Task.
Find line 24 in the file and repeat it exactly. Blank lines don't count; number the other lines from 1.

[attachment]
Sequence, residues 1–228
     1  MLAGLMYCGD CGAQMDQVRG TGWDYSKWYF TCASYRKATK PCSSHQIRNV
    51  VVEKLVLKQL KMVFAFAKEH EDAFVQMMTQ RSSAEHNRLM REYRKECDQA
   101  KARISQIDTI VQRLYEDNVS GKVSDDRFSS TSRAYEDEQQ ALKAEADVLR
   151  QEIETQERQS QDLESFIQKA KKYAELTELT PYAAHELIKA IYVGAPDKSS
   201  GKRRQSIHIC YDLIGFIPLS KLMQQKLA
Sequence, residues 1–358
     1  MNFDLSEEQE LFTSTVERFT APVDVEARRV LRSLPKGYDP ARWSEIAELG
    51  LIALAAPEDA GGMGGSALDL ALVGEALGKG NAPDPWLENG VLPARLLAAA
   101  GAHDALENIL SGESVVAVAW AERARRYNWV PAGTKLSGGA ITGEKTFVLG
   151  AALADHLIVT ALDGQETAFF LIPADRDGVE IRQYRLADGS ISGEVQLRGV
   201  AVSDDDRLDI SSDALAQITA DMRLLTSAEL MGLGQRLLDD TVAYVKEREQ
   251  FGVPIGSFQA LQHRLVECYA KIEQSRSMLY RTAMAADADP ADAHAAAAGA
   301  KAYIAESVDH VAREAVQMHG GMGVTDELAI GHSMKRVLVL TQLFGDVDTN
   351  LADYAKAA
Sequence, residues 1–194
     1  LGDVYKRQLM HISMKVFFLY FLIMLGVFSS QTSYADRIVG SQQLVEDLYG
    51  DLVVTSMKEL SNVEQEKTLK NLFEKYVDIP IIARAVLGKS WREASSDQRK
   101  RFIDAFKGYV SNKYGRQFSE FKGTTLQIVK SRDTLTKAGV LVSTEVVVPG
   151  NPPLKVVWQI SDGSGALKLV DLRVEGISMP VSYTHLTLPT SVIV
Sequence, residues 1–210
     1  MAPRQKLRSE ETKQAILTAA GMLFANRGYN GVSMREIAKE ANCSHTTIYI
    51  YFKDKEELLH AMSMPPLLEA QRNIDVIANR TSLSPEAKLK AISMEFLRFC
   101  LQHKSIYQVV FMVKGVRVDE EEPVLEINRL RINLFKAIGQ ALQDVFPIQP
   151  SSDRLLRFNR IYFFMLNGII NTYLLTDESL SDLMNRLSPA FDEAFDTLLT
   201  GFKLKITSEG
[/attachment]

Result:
   101  LQHKSIYQVV FMVKGVRVDE EEPVLEINRL RINLFKAIGQ ALQDVFPIQP